Freyd's adjoint functor theorem (FAFT) is a fine thing when working classically
but at the same time a source of inconstructivity. It ensures that under
certain assumptions on a functor F : AA->BB all presheaves of the form
BB(F(-),B) or all covariant presheaves of the form BB(B,F(-)) are representable.
But for getting a right or left adjoint to F one has to CHOOSE for every B
a representing object R(B) or L(B), respectively, i.e.
BB(F(-),B) \cong BB(-,R(B)) or BB(B,F(-)) \cong BB(L(B),_), resp.
Since BB typically will be large this requires GLOBAL CHOICE, i.e. choice
for classes. This principle is independent even from ZFC.
For example using FAFT G.Plotkin has shown that there exist free commutative
idempotent monoids in Domains, the so called Plotkin powerdomains. But to
explicitate representatives even for a restricted class of domains (SFP objects)
has required quite some additional effort and ingenuity.
In geometric topos theory it goes withut saying that a (finite limit preserving)
colimit preserving functor between Grothendieck toposes has always a right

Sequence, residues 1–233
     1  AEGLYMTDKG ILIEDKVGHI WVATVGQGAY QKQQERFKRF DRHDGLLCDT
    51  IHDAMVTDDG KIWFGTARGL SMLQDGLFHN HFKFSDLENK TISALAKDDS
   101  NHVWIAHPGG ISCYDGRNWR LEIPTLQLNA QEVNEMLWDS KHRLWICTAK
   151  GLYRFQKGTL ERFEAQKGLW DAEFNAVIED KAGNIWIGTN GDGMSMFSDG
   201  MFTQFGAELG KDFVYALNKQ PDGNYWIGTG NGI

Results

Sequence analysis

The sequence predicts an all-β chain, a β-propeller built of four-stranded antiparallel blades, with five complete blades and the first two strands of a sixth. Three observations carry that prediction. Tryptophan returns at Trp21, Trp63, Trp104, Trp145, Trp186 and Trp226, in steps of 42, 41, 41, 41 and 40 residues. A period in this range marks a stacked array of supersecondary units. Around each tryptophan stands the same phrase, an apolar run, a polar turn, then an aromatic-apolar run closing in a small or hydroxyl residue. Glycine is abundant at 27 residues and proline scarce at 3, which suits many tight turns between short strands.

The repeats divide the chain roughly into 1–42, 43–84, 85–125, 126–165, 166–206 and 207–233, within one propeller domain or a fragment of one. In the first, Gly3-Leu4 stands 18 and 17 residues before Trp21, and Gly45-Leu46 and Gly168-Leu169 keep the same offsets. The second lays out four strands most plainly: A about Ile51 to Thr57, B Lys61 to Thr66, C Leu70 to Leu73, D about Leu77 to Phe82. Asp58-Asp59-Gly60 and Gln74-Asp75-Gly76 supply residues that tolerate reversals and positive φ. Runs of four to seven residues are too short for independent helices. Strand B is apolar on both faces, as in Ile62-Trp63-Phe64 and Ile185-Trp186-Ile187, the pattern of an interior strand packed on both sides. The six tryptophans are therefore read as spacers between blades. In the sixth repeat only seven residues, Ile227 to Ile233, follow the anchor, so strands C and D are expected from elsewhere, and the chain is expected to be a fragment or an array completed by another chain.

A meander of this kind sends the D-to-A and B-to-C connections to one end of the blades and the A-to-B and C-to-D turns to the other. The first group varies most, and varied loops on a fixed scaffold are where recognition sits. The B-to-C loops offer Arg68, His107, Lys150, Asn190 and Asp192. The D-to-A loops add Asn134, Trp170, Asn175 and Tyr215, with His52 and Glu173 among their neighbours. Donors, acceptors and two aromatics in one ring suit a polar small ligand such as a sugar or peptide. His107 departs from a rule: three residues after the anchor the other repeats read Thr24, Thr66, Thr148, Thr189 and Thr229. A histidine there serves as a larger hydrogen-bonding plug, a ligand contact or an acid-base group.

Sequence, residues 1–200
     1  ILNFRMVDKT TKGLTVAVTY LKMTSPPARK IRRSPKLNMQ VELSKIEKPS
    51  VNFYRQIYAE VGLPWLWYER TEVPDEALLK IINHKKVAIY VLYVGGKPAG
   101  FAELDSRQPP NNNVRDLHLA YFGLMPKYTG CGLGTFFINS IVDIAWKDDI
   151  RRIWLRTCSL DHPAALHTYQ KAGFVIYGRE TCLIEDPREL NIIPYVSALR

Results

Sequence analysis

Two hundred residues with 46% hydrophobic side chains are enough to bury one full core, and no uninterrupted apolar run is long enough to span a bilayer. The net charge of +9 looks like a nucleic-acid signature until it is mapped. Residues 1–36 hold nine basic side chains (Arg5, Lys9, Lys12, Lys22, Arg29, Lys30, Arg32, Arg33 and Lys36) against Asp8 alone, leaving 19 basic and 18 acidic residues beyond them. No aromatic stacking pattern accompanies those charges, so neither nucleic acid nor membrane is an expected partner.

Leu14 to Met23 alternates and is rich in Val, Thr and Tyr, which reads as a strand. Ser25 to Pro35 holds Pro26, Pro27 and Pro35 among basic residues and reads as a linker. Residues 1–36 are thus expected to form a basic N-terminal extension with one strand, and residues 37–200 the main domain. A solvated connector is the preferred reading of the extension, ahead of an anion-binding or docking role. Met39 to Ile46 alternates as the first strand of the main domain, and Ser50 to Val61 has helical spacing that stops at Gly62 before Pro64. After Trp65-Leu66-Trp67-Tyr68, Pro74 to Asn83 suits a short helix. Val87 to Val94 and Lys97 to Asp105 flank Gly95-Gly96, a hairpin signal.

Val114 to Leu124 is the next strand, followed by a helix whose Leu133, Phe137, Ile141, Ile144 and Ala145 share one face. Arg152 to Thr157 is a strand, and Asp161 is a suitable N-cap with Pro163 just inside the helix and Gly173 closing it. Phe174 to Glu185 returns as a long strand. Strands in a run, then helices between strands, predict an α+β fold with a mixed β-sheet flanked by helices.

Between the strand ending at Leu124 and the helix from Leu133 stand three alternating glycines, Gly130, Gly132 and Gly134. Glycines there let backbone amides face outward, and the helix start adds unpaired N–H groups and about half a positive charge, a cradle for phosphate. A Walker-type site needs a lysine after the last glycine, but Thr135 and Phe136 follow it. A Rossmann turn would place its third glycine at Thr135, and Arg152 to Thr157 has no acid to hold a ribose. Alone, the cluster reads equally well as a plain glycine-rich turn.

adjoint. The point is that the solution set condition follows from the assumption
that the involved toposes are Grothendieck and thus have small generating
families. But for getting the right adjoints one has to use global choice.
When working relative to a base topos SS one has to employ a fibred version
of FAFT for fibrations over SS. The fibred right adjoints will not be split
even if the original functors was split. That is one of the reasons why one
works with fibrations and cartesian functors instead of split fibrations and
split cartesian functors. For proving fibred FAFT one hast to employ strong
choice principles on the meta-level, of course.
It might be interesting to investigate how choice can be avoided in these
cases using the work of Ahrens, Kapulkin and Shulman on "Univalent Categories
and Rezk completion".
Thomas Streicher